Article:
Story in the School of Engineering
John Judnich '13
A computer science and engineering major changes the landscape of 3D graphics.
John Judnich, a junior who is majoring in computer science and engineering, has had a goal in mind for some time.
"I want to create an entire 3D world for video games with billions of stars, planets and nebulae," Judnich says. "where the user can explore all that not just from afar, but fly into a planet and see mountain ranges, fog, and sunsets...entire cites of homes and buildings and forests that can be experienced from the ground level."
While attempting to create his galaxies, Judnich found computers were too slow to create the millions of trees and other objects that he envisioned, so he took it upon himself to solve the problem and reinvented an algorithm for an existing technique used for drawing games and simulations.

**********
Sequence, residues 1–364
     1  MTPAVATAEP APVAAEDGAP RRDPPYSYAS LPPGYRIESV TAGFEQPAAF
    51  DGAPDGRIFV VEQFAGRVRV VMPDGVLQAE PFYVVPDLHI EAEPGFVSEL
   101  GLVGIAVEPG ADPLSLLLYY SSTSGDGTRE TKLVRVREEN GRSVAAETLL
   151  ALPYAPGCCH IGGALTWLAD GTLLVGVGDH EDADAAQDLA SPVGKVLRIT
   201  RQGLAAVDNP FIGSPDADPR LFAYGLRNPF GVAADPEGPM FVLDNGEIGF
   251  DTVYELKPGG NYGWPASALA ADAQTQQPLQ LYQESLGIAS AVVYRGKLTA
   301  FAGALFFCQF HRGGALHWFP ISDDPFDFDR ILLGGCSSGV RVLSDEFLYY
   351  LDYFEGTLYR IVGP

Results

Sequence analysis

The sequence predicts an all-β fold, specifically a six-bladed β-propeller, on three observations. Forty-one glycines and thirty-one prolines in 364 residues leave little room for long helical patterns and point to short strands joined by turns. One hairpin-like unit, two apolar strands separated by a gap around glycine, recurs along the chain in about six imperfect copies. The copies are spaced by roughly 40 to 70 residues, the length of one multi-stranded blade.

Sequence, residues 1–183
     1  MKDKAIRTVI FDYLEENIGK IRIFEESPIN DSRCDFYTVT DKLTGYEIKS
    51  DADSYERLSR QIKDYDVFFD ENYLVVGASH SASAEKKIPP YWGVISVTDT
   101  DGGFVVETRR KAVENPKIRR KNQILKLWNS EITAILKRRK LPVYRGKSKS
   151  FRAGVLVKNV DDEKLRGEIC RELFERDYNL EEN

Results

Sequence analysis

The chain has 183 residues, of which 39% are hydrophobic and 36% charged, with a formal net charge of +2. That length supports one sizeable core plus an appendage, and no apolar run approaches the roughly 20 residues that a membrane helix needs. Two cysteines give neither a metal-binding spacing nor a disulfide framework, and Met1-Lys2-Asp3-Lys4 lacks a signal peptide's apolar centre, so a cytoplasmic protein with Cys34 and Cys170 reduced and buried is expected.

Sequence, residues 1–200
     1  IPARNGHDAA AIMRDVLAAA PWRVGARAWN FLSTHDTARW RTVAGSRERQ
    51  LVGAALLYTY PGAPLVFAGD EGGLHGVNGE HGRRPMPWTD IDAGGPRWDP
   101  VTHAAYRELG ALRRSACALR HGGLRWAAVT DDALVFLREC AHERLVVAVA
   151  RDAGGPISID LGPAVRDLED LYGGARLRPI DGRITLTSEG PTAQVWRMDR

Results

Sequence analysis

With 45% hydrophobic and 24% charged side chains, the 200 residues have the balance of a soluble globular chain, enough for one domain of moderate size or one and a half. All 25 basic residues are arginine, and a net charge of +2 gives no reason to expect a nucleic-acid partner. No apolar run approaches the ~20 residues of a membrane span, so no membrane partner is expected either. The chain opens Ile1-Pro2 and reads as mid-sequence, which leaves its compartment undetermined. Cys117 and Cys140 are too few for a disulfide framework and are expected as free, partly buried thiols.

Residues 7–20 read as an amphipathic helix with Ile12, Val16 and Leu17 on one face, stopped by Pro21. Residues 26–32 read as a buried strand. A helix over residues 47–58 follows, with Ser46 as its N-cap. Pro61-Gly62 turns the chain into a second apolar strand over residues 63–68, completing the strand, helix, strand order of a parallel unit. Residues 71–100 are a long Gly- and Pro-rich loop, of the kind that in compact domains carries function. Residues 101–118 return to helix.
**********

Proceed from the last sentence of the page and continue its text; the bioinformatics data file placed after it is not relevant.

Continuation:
Supported by a grant from the Carmen A. and Jack D. Kuehler Undergraduate Engineering Research Fund, Judnich began research with Nam Ling, professor and chair of the Department of Computer Engineering. This work culiminated in a paper, "Fast Multiresolution Terrain Rendering with Symmetric Cluster Sets," which was accepted into ACM SIGGRAPH Asia 2011. Judnich was a 19-year-old sophomore when the paper was submitted in competition with Ph.D.s and graphics experts worldwide to this top conference in computer graphics.
What exactly did Judnich do? He made the algorithm faster, more flexible, and more efficient?improving overall performance by 50 percent.
Judnich's innovation and skill have made him an attractive recruit with industry leaders. Last summer he interned at NVIDIA and Microsoft has already snagged him for an internship next summer.
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